Activation distances are as follows: Apharmd B 130, hyper/normal Fei-Yen 120/105, Temjin 100, Apharmd C/S 100, Specineff 90, Bal-Rloon 85, Grys-Vok 80, Dordray 80, Angelan 80, Bal-Bados 70, Cypher 70, Raiden 40. Without double lock-on, a VR can still perform melee but the attack will not slide forward, with the exception of Raiden who always charges forward in the same manner. Raiden can hit from slightly outside the listed range but will do lower damage (he normally triple hits).

Special Moves

Melee+RW actives Fei-Yen hyper mode and Grys-Vok giant nuke. The remaining specials are performed by doing a forward air dash, holding turbo, and pressing CW. All weapon gauges must be full. If you just use the shoulder buttons without having turbo pressed you will get turbo CW instead. The restyled input allows these specials to also be activated for a brief period after the air dash ends or is fast dropped. Damage is high, consistent with previous games.

Temjin surfboard homes well but can be dodged even by walking. When started the surfboard additionally reorients to face the enemy once, similar to a jump. It's better to attack off-angle so the reorientation acts as a short period of perfect homing. Lock-on isn't required, allowing him to fly overhead and quickly attack from behind. Smart mode does not alter the performance since it only affects the camera. Dashing no longer goes under the surfboard but you can run behind it during startup.

Cypher SLC can also be done from a ground dash. It reorients once and flies at full speed during the brief startup. It won't reorient if the enemy is too far out of view. Performing it immediately from a low air dash guarantees reorientation and makes it instant (this can be undesirable). Afterwards you fly manually. You need to keep holding turbo to move fast. Don't hold forward as this will ram the ground. Airplane mode has been integrated so mash triggers for free attacks. The SLC and daggers seem undodgeable from close range, but if you miss just fly upward, turn sideways, then cancel with jump when it's safe.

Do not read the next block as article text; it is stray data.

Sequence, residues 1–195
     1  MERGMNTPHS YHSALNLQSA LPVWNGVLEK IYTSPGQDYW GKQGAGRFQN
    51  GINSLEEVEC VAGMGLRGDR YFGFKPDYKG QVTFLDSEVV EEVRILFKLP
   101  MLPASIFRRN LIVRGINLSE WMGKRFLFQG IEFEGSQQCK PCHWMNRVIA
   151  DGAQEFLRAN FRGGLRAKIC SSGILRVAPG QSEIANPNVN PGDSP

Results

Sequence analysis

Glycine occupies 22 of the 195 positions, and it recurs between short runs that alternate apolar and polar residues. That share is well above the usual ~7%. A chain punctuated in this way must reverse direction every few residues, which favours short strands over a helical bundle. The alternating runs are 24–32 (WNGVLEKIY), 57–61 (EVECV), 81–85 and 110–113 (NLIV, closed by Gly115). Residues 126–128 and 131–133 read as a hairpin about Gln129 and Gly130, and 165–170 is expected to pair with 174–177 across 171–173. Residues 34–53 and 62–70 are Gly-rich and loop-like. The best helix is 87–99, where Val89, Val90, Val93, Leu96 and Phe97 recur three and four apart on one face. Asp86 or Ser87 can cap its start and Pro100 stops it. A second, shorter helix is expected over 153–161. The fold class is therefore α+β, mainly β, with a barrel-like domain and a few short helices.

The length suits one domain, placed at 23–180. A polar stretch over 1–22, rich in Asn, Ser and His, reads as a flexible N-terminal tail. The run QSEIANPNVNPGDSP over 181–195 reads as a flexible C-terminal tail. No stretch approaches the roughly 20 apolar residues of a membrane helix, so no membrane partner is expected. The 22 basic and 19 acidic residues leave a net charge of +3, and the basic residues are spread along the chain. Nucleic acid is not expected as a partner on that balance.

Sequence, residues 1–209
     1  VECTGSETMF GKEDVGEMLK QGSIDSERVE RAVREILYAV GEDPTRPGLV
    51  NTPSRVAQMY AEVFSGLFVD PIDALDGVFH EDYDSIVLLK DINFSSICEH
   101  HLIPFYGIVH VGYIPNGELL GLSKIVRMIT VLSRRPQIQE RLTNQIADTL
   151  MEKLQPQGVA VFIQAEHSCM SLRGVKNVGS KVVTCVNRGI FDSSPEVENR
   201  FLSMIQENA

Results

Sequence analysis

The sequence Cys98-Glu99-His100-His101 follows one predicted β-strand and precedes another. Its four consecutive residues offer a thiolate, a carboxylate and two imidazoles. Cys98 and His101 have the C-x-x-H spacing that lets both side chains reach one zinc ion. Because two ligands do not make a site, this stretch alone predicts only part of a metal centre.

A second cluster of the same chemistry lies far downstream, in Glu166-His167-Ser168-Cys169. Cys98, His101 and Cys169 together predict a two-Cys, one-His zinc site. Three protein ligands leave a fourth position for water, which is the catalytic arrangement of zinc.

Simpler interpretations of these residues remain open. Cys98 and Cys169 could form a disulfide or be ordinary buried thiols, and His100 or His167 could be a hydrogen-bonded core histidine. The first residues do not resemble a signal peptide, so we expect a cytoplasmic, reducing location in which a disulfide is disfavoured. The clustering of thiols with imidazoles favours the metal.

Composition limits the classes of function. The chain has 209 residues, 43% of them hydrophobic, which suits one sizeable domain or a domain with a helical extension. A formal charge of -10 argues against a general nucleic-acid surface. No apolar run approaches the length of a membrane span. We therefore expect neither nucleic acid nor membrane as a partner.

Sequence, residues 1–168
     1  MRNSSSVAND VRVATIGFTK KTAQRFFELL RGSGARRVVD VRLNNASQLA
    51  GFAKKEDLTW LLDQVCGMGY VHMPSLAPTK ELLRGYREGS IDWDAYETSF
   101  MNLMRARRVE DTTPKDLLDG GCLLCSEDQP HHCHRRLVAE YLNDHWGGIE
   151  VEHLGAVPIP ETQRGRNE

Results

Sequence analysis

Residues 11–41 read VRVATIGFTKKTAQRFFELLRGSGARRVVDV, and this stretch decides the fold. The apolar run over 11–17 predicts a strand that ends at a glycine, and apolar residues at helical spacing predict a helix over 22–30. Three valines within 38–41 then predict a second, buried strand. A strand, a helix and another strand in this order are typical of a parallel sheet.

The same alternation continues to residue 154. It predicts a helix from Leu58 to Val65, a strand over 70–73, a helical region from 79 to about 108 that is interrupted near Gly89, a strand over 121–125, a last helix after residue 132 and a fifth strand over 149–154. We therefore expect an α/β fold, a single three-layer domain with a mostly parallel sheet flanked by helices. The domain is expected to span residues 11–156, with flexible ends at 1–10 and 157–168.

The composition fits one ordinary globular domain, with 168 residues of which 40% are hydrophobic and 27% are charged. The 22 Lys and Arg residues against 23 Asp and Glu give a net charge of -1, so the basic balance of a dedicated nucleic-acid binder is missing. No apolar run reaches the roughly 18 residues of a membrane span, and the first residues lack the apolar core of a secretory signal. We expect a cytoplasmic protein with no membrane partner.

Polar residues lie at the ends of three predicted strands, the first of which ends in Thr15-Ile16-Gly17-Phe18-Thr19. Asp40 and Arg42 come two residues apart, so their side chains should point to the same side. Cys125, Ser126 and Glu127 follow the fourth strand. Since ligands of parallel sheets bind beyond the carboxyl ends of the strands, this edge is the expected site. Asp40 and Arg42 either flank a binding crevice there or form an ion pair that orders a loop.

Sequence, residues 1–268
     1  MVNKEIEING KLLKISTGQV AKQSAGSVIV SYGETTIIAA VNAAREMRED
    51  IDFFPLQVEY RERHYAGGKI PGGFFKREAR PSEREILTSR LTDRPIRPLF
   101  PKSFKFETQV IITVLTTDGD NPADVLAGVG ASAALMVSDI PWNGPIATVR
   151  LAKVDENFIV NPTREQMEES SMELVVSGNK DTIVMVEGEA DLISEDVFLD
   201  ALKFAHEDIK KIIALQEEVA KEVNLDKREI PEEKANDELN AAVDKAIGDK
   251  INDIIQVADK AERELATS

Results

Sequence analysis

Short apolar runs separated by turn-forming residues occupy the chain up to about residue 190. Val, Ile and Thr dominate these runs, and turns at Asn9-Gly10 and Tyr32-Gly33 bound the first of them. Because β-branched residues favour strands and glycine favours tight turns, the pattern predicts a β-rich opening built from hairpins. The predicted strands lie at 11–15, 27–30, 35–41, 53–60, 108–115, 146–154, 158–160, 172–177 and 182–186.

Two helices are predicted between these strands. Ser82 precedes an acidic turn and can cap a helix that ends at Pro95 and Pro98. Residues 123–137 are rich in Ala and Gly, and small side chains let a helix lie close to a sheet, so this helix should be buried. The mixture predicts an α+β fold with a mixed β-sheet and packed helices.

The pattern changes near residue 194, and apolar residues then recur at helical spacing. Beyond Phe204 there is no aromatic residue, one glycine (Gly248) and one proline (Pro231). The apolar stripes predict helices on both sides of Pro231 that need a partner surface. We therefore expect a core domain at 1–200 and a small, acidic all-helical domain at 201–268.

Apharmd jump kick has a stationary startup then flies straight. It reorients to face the enemy when started. Lock-on isn't required so it's pretty useful as a punisher or direct attack but prediction can no longer be used. It uses no ammo. Striker's jump punch has no reorientation. The low air dash trick can reorient it but the punch does not work well at low altitude. Neither can it be used for prediction since watari dashing does not work in the air. It's worthless.

Super Moves

The super gauge is filled through the progression of time but also increases by a fixed amount every time you land a hit or get knocked down. Activating a super move refills your knockdown and weapon gauges. The following powerup lasts 13 seconds with Specineff and 17 seconds with everyone else. Points scored are doubled in this state, making it an important comeback mechanic. Other effects vary by VR, typically including greatly increased speed. Temjin also gains increased knockdown resistance.


Guarding is now performed by holding down together with the melee button. It's no longer exclusively for blocking CC, lowering all health damage taken to 50% of normal, and all knockdown damage to 30%~40% of normal. However, guarding only activates when you have a double lock-on. This can be used to your advantage via fuzzy guarding. Just hold guard while dashing and your VR will only stop and guard if the enemy gets within CC distance.

In veteran mode, be cautioned that you don't automatically get a double lock-on whenever an enemy is within CC distance. This mechanic has returned to VOOM, you need to get a regular lock-on first by having the opponent pass through your center of view. The regular lock-on is then upgraded to double lock-on when the enemy gets within CC distance (they do not need to pass through your center of view a second time).

<Work In Progress>